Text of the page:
ENDA and other acts won’t actually help this case because it will just cause companies that want to get rid of gays to make up excuses that hold up in court (much like companies that get rid of other minorities already do).

      The easiest way to handle this is, as an employee, don’t work places where your rights are not protected. If you have to stay closeted to keep your job, its probably not a job you really want to have.

      Dec 15, 2010 at 9:05 am · @ReplyReply to this comment ·
    • Daez
      Daez

      @GlacierGuy: Yes, because no one in NYC has ever been fired for being gay. No one in the north has ever been fired for being gay. No judges in Iowa were ever fired for allowing gay marriage. No governor in New Jersey was ever elected for an anti-gay platform. Need I go on? Seriously, your statement reeks of incorrectness.

      Dec 15, 2010 at 9:07 am · @ReplyReply to this comment ·
    • Daez
      Daez

      @IonMusic: You should apologize to Kevin. For starters, Kevin and I are not the same person. Thank you for thinking of me though.

      Also, he NEVER said it was good. Apparently, you need to learn to read. He called the people at Queerty good and pointed out that they still don’t bother to read articles.

      Let me guess, this guy gets a pass on beating the hell out of his partner in a domestic dispute, and you are more than willing to let him go work with children anyways because he is gay. Now, if he was a straight guy beating a woman and then wanted to work with children you would be calling for his head.

      I’m actually all for ENDA and similar laws, but I’m smart enough to know that FORCING a company to allow me to work for them is a sure fire way to make sure I absolutely detest my experience working for that company. They can force a company to hire you, but they can’t force a company to treat you like a human being. Hence the reason you don’t take jobs for companies not willingly hiring you in the first place.

      It has NOTHING to do with being at the back of the line. It has everything to do with the realism that fighting to get to the front of the line only manages to piss off the entire line.

      Dec 15, 2010 at 9:13 am · @ReplyReply to this comment ·
    • GlacierGuy
      GlacierGuy

      @Daez: I find it stunning how people reply to your post without even comprehending its content. Daez, if you read my response again, as you clearly need to, I was strictly referencing “the good old south”….no where did I make mention of Non-Southern states! I live in the south therefore I speak of the South! Your name pops up quite often and It seems all you do is critique what others say. Instead of pointing the finger, join the conversation like an adult. Leave your playground finger pointing for recess! Good grief people………….on we go!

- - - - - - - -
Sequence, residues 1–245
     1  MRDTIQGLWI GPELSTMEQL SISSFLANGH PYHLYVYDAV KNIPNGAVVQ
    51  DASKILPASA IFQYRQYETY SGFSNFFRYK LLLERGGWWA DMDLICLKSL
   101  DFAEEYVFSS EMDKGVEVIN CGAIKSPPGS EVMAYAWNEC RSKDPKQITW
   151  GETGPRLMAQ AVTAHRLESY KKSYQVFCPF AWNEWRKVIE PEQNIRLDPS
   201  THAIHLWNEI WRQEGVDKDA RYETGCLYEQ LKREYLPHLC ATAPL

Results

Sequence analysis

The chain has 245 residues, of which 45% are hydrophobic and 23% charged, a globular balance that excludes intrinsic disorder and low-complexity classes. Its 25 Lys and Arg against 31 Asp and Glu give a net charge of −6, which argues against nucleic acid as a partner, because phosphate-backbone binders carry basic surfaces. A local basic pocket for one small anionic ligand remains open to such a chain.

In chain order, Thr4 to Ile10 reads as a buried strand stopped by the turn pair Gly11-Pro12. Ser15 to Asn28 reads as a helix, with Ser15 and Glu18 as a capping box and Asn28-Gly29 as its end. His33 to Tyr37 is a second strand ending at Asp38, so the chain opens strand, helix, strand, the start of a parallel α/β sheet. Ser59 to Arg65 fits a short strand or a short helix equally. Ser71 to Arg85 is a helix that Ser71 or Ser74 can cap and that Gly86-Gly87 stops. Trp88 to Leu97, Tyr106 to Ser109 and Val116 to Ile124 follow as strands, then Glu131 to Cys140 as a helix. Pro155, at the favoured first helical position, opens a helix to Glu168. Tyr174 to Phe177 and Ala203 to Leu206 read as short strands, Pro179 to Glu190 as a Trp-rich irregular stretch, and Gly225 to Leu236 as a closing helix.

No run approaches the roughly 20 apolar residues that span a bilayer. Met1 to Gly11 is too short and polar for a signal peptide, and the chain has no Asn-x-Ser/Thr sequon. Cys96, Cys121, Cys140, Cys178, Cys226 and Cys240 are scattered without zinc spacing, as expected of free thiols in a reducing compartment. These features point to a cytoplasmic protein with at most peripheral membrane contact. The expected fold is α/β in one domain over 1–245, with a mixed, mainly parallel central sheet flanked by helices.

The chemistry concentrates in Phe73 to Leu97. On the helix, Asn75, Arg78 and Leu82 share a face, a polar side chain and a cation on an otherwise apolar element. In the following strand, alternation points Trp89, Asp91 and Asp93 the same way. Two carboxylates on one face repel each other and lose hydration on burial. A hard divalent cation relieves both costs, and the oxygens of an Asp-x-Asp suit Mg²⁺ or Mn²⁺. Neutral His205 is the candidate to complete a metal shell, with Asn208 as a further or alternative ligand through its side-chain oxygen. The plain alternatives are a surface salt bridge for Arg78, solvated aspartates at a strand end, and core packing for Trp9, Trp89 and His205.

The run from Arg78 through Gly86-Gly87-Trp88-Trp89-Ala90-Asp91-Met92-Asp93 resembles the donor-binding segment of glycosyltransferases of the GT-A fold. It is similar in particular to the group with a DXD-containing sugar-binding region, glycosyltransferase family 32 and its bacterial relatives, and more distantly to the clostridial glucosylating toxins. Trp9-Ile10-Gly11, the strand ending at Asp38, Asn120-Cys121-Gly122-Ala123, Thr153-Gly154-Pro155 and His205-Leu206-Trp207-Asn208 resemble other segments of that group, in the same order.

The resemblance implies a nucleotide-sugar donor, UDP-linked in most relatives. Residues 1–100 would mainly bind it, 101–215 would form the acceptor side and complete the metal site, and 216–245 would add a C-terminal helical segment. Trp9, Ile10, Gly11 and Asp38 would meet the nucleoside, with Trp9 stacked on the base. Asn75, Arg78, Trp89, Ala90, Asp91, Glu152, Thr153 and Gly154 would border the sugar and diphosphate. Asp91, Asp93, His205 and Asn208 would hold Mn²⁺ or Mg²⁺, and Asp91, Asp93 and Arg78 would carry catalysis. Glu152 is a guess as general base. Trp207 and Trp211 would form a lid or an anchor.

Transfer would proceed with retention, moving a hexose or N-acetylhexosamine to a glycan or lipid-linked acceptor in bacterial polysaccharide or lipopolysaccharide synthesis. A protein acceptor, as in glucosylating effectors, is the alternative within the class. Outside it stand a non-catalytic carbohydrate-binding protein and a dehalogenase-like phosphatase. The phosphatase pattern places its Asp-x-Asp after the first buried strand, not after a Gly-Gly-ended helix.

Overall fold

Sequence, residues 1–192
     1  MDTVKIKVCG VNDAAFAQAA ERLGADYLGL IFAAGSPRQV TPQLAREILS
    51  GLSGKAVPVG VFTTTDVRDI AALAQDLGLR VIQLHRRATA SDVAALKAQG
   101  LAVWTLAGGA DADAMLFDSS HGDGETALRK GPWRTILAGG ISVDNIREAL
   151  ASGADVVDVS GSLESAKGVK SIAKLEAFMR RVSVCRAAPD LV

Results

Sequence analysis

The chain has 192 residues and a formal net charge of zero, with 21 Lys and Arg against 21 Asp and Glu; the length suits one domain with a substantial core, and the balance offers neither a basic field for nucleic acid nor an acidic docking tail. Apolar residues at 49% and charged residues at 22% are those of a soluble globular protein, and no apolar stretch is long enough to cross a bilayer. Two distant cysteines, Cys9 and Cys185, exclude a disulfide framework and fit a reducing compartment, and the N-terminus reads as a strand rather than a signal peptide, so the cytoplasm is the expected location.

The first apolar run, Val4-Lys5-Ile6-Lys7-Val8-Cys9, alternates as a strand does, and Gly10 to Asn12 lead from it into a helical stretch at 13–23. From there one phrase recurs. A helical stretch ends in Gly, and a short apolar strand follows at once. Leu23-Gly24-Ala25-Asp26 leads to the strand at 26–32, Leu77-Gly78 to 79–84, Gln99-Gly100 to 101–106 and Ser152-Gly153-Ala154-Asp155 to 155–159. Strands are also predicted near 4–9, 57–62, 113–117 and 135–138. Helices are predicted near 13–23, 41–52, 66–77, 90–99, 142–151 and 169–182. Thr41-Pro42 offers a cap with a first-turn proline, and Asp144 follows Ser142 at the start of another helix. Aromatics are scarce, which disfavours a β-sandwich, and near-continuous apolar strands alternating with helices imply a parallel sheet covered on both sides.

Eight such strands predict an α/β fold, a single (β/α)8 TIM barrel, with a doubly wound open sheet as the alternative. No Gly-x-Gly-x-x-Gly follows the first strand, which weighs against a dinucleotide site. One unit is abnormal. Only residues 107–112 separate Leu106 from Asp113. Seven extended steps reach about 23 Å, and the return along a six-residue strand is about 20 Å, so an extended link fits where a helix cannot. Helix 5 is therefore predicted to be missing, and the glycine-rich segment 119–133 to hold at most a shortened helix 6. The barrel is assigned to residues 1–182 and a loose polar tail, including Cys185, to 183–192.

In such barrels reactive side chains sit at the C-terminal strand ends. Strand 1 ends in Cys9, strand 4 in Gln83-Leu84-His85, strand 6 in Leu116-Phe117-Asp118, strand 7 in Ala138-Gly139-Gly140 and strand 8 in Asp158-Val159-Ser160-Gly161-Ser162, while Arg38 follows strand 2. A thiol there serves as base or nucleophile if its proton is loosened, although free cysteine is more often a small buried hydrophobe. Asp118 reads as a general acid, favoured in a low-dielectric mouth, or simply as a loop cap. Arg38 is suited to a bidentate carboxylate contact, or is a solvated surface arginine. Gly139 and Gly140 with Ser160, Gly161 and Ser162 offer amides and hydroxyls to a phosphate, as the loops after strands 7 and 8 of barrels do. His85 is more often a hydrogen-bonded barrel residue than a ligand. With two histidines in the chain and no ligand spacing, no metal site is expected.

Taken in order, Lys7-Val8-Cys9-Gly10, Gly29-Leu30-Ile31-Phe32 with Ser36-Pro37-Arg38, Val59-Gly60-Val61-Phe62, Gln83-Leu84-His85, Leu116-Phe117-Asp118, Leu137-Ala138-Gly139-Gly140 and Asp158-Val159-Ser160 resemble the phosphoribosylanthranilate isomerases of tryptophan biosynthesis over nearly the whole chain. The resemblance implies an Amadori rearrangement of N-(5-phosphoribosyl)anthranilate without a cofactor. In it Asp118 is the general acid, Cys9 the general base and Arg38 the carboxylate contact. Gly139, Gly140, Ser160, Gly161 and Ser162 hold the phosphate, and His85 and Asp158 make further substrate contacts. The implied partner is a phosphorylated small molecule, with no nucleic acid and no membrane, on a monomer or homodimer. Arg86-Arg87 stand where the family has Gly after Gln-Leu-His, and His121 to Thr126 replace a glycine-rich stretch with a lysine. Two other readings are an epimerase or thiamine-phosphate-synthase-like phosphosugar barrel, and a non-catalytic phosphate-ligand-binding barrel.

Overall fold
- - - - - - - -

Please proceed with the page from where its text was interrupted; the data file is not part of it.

Dec 15, 2010 at 10:51 am · @ReplyReply to this comment ·
    • Sam
      Sam

      Andre was the victim of the domestic violence incident, not the perpetrator. He is even listed as the victim on the police report. How do you fire someone for being the victim of domestic violence?

      Dec 15, 2010 at 11:32 am · @ReplyReply to this comment ·
    • Sam
      Sam

      P.S. The law they violated is the Equal Protection Clause of the U.S. Constitution. The police department is part of the government. The government is prohibited from discriminating even in states where private employers are not.

      Dec 15, 2010 at 11:35 am · @ReplyReply to this comment ·
    • Daez
      Daez

      @GlacierGuy: I do apologize if I took your expression of “the good ole south” to mean southern states when it was a southern state in question. I should have seen your comment about the “good ole south” and automatically thought about Alaska. It is entirely my bad!

      Oh and I should have seen your preface as ONLY as meaning everything but.

      Dec 15, 2010 at 11:42 am · @ReplyReply to this comment ·
    • Daez
      Daez

      @Sam: Unfortunately, the equal protection clause ONLY applies to formally recognized minorities, and since homosexuality is not yet a formally recognized minority, gays are currently exempt from the equal protection clause. It really comes down to how the court views the case, but there is currently no protections for the LGBTQ community under national law or the law of that state.

      @Sam: At the very least, he showed ill judgment in getting involved with someone that would beat on him. Is that really the victim mentality we want our kids to develop. This is not a man that should work with children.